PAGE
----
STATE v. YOUNG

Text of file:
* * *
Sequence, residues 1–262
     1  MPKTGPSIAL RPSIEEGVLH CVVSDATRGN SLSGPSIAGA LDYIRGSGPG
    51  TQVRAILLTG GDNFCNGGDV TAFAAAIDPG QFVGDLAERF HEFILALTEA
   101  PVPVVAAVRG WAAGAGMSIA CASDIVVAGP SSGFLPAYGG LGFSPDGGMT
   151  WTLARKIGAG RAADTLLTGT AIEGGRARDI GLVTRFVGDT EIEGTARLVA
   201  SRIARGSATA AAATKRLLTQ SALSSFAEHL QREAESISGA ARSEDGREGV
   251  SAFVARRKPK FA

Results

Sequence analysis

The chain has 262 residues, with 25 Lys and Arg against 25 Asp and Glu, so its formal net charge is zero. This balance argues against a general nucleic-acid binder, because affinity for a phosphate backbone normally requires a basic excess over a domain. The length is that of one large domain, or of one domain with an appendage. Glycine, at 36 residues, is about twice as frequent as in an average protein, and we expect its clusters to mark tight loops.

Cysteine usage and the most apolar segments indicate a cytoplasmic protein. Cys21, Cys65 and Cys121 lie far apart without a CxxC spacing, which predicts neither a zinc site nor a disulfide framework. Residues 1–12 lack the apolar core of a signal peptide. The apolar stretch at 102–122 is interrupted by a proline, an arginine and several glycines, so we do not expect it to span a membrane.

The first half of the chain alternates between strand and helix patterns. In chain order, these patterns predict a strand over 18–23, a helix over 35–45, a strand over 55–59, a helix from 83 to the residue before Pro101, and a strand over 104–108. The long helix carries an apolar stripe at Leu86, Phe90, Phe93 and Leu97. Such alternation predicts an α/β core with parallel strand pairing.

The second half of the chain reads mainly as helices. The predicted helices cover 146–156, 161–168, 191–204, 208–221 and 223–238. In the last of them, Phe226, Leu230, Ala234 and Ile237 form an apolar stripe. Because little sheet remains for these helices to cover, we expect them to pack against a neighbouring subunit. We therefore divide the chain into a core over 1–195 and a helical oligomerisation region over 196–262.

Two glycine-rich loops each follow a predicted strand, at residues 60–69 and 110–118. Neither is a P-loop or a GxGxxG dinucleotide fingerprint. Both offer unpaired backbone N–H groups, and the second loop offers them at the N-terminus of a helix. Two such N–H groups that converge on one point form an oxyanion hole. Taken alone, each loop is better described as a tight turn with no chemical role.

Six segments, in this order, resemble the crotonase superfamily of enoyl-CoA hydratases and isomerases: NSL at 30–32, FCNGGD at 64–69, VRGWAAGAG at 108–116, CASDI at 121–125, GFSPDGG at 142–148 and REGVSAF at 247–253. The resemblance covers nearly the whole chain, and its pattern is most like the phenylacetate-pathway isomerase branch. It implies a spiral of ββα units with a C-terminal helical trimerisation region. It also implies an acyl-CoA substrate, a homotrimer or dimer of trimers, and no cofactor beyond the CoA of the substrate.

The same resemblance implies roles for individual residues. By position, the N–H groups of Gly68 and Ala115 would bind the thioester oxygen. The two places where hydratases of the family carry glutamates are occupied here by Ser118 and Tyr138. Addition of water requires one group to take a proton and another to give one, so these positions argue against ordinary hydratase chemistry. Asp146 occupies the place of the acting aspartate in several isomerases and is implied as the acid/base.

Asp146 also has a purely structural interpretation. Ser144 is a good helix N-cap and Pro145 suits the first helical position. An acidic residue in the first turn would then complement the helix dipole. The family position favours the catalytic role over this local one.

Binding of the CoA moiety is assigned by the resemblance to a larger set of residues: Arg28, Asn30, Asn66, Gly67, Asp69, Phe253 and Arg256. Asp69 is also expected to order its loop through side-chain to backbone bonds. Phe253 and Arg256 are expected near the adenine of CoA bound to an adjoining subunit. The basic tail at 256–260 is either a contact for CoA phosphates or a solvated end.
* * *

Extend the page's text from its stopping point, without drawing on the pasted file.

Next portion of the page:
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NOTICE: NOT FOR OFFICIAL PUBLICATION. UNDER ARIZONA RULE OF THE SUPREME COURT 111(c), THIS DECISION IS NOT PRECEDENTIAL AND MAY BE CITED ONLY AS AUTHORIZED BY RULE. IN THE ARIZONA COURT OF APPEALS DIVISION ONE STATE OF ARIZONA, Appellee, v. WYTE YOUNG, JR., Appellant. No. 1 CA-CR 17-0413 FILED 11-29-2018 Appeal from the Superior Court in Navajo County No. S0900CR201500189 The Honorable Donna J. Grimsley, Judge AFFIRMED COUNSEL Arizona Attorney General’s Office, Phoenix By Jason Lewis Counsel for Appellee Coronado Law Firm PLLC, Lakeside By Eduardo H. Coronado Counsel for Appellant STATE v. YOUNG Decision of the Court MEMORANDUM DECISION Presiding Judge Jennifer M. Perkins delivered the decision of the Court, in which Judge Lawrence F. Winthrop and Judge Jon W. Thompson joined. P E R K I N S, Judge: ¶1 Wyte Young Jr. appeals his convictions and sentences for attempted first-degree murder, three counts of aggravated assault, and misconduct involving weapons. He argues the trial court erred by: (1) denying his motion to remand, (2) denying his motion to suppress evidence arising from a purportedly illegal arrest, (3) failing to hold Arizona Revised Statutes (“A.R.S.”) section 13-4430 unconstitutional, and (4) denying his motion for new trial. For the following reasons, we affirm Young’s convictions and resulting sentences. FACTUAL AND PROCEDURAL BACKGROUND ¶2 We view the facts in the light most favorable to sustaining the verdict. State v. Payne, 233 Ariz. 484, 509, ¶ 93 (2013). Young and J.G. were involved in a fight at a bar. After the fight, J.G., K.G., L.R., and C.D. gathered outside of J.G. and K.G.’s home. Young drove to J.G.’s home and fired multiple gunshots at the group. ¶3 A jury found Young guilty of the crimes stated above, and the court sentenced him to life in prison. He timely appealed his convictions and sentences. DISCUSSION I. The trial court did not err by denying the motion to remand. ¶4 At the time the trial court denied Young’s motion, the rules required such motions to be filed within 25 days of the filing of the grand jury transcripts. Ariz. R. Crim. P. 12.9(b) (2016). This deadline is mandatory absent a timely request for extension. State v. Merolle, 227 Ariz. 51, 54, ¶ 15 (App. 2011). The trial court has no authority to grant an untimely motion to remand. Id. ¶5 On appeal, Young argues the time for filing a Rule 12.9 challenge should have been tolled because he was initially represented by 2 STATE v. YOUNG Decision of the Court attorneys who could not file substantive motions due to conflicts of interest. The trial court appointed conflict-free counsel for Young four days before the expiration of the 25-day deadline. Despite this, Young failed to file a timely challenge or to request an extension during that four-day period. Instead, Young moved to remand more than 300 days after the filing of the grand jury transcripts and the trial court properly denied the motion on timeliness grounds. II. The trial court did not err by denying the motion to suppress an illegal arrest and resulting incriminating statements. ¶6 At the time of the offense Young was on community supervision. Due to reports that Young had committed a felony while on community supervision, Young’s parole officer issued and executed an arrest warrant. Young moved to suppress incriminating statements he made after his arrest, arguing the warrant for his arrest lacked judicial authority. The trial court denied Young’s motion to suppress. ¶7 Considering only the evidence presented to the trial court at the suppression hearing, we review for abuse of discretion. State v. Spears, 184 Ariz. 277, 284 (1996). We view the facts in the light most favorable to upholding the trial court’s ruling. State v. Gonzalez, 235 Ariz. 212, 213, ¶ 2 (App. 2014). ¶8 To support his argument on appeal, Young cites the Fourth Amendment of the U.S. Constitution and article II, § 8 of the Arizona Constitution. “[T]he right to privacy under article II, § 8 has not been expanded beyond that provided by the Fourth Amendment, except in cases involving unlawful, warrantless home entries.” State v. Peltz, 242 Ariz. 23, 30, ¶ 24 n.3 (App. 2017). This case involves an arrest warrant, not a warrantless home entry. Therefore, we review Young’s claim under the Fourth Amendment. ¶9 The Fourth Amendment protects against unreasonable searches and seizures. U.S. Const. amend. IV. While reasonable searches generally require warrants, a warrant is not required before making every arrest. See State v. Ahumada, 225 Ariz. 544, 546, ¶ 6 (App. 2010); United States v. Watson, 423 U.S. 411, 416–17 (1976). Officers may arrest a suspect without a warrant when there is probable cause to believe the suspect has committed a felony. A.R.S. § 13-3883(A)(1); Watson, 423 U.S. at 423–24. ¶10 Young was arrested pursuant to a warrant issued under A.R.S. § 31-415. Section 31-415, in relevant part, permits certain personnel with the department of corrections to issue a warrant when “reasonable 3 STATE v. YOUNG Decision of the Court cause” exists to believe an individual subject to community supervision has violated the terms of their supervision. It is not clear from the record whether the warrant for Young’s arrest was issued in compliance with § 31415, as the warrant was not issued by “the parole clerk of the department of corrections or the director of the department of corrections . . . .” A.R.S. § 31-415 (describing who can issue warrants to retake individuals on community supervision). On appeal, Young’s counsel did not cite to § 31-415 or challenge the State’s compliance with § 31-415’s requirements, potentially waiving the argument. ¶11 In any event, we need not address Young’s parole status or the State’s compliance with § 31-415 because the Fourth Amendment and Arizona law otherwise permits Young’s arrest without judicial authorization. Two victims reported Young had been shooting at them. A third victim showed officers a wound he had suffered from the gunshots. Based on this evidence, officers had probable cause to believe Young committed multiple felonies, including attempted murder and aggravated assault. See A.R.S. §§ 13-1105(A)(1); 13-1001; 13-1203; 13-1204. Thus, officers were authorized to arrest Young without a warrant under § 13-3883. Because Young offers no other legal reason to suppress his incriminating statements, the trial court did not err in denying his motion. III. The trial court did not err by denying the motion to deem A.R.S. § 13-4430 unconstitutional. ¶12 Section 13-4430 prevents disclosure of communications between a victim and the victim’s advocate without the victim’s written consent. The statute mandates disclosure if the court finds that the communication contains exculpatory evidence. A.R.S. § 13-4430(D). To obtain this evidence, the defendant may move for disclosure of privileged information. Id. The court may then hold an in camera hearing upon finding there is reasonable cause to believe the communication is exculpatory. Id. Young argues this statute is unconstitutional because it: (1) protects communications between the victim’s advocate and victim at the expense of the defendant’s due process rights; (2) permits non-attorneys to engage in the unauthorized practice of law; (3) denies effective cross-examination; (4) conflicts with the disclosure requirements of the Arizona Rules of Criminal Procedure; (5) impermissibly authorizes a unique confidential privilege between the victim and advocate unlike other privileged relationships; and (6) places an impossible burden of proof on the defendant. 4 STATE v. YOUNG Decision of the Court ¶13 We review the constitutionality of a statute de novo. State v. Meeds, 244 Ariz. 454, ___, ¶ 21 (App. 2018). We presume the statute is constitutional; the party challenging its validity bears the burden of establishing the legislation is unconstitutional. State ex rel. Thomas v. Klein, 214 Ariz. 205, 207, ¶ 5 (App. 2007). ¶14 First, Young generally claims the statute reduces or eliminates his rights to due process and a fair trial, but fails to specify how the statute curbs his constitutional rights. We find no constitutional defect in the statute. The statute enables a defendant to receive exculpatory evidence in the victim’s communications, complying with due process. A.R.S. § 13-4430 (D). ¶15 Second, Young claims the statute allows the victim’s advocate, a non-attorney, to discern perjured testimony and exculpatory evidence, which he argues constitutes the unauthorized practice of law. Under § 13-4430(C) “[t]he communication [between the victim and the victim’s advocate] is not privileged if the crime victim advocate knows that the victim will give or has given perjured testimony or if the communication contains exculpatory evidence.” ¶16 The statute does not permit a victim’s advocate to practice law. The Arizona Supreme Court Rules define the practice of law, in relevant part, as “preparing or expressing legal opinions.” Ariz. R. Sup. Ct. 31(a)(2)(A)(2). Applying this definition to the statute, the advocate’s role is to identify exculpatory evidence and clear cases of perjured testimony. For close questions that do require legal analysis, the statute enables a judge to identify exculpatory evidence in an in camera hearing. A.R.S. § 13-4430(D). ¶17 Third, Young argues the statute violates the Sixth Amendment’s Confrontation Clause because it prevents defense access to victim’s communications that may not be exculpatory but are relevant for purposes of impeachment. The Confrontation Clause guarantees a defendant the opportunity for adequate cross-examination. State v. King, 180 Ariz. 268, 275–76 (1994). However, that is a trial right; it does not provide defendants a right to pretrial discovery. State v. Connor, 215 Ariz. 553, 562, ¶ 28 (App. 2007). Further, a defendant’s right to confrontation is typically satisfied “if defense counsel receives wide latitude at trial to question witnesses.” State v. Forde, 233 Ariz. 543, 557–58, ¶ 37 (2014) (internal citation and quotations omitted). Young does not argue his crossexamination during trial was limited. Thus, the statute did not violate his right to confrontation. 5 STATE v. YOUNG Decision of the Court ¶18 Fourth, Young argues A.R.S. § 13-4430 conflicts with the Arizona Rules of Criminal Procedure. These Rules require the State to disclose its relevant witness statements and exculpatory information to the defense and do not conflict with § 13-4430. Ariz. R. Crim. P. 15.1 (b)(1); 15.1 (b)(8) (2015). The rules mandating disclosure specifically exclude discovery requests made by the defendant to the victim. Ariz. R. Crim. P. 15.1(b); Ariz. R. Crim. P. 39(b)(11) (2015). Additionally, Rule 15.1 only applies to statements in the State’s possession. Communications between the victim and victim’s advocate may not be in the State’s possession because the State can only access those communications with the victim’s consent. A.R.S. § 13-4430(A). ¶19 Fifth, Young argues the privileged relationship between a victim and advocate is unlike other privileged relationships. The statute preserves the confidentiality of communications between victim and advocate even when a third party is present. A.R.S. § 13-4430(A). Because the statute contradicts “traditional notions of privilege,” Young claims it is unconstitutional. ¶20 The Arizona Constitution bestows the Legislature with legislative authority. Ariz. Const. art. 4, pt. 1 § 1(1). The Legislature generally may create or modify statutory privileges. See Martin v. Reinstein, 195 Ariz. 293, 320, ¶ 96 (“[b]ecause [the physician-patient privilege] is a statutory privilege, the legislature is generally free to limit it . . .”). The creation of a new statutory privilege unlike other privileges does not, by itself, make a statute unconstitutional. ¶21 Finally, Young argues it is impossible to show the presence of exculpatory evidence without first reviewing the evidence, rendering § 13-4430 unconstitutional. As previously noted, the court may hold an in camera hearing if there is reasonable cause to believe the communications contain exculpatory evidence. A.R.S. § 13-4430(D). ¶22 Indeed, here, Young showed the requisite reasonable cause for an in camera examination of communications between one victim and her advocate using prior testimony of the victim and another witness. Thus, Young has demonstrated it is not impossible to meet § 13-4430’s standards. The court properly denied Young’s motion to deem A.R.S. § 13-4430 unconstitutional. 6 STATE v. YOUNG Decision of the Court IV. The trial court did not err in denying Young’s motion for a new trial. ¶23 A motion for new trial must be filed within 10 days of the verdict. Ariz. R. Crim. P. 24.1(b) (2017). When a defendant files a motion for new trial more than 10 days after the court announces the verdict, the trial court should deny the motion without reaching the merits. See State v. Fitzgerald, 232 Ariz. 208, 213, ¶ 22 (2013); see also Ariz. R. Crim. P. 24.1(b) (2018). Here, the verdict was returned on March 8, 2017. The deadline for a motion for new trial was March 20, see Ariz. R. Crim. P. 1.3(a), but Young filed his motion on March 23. The court properly denied the motion. CONCLUSION ¶24 We affirm Young’s convictions and resulting sentences. AMY M. WOOD • Clerk of the Court FILED: AA 7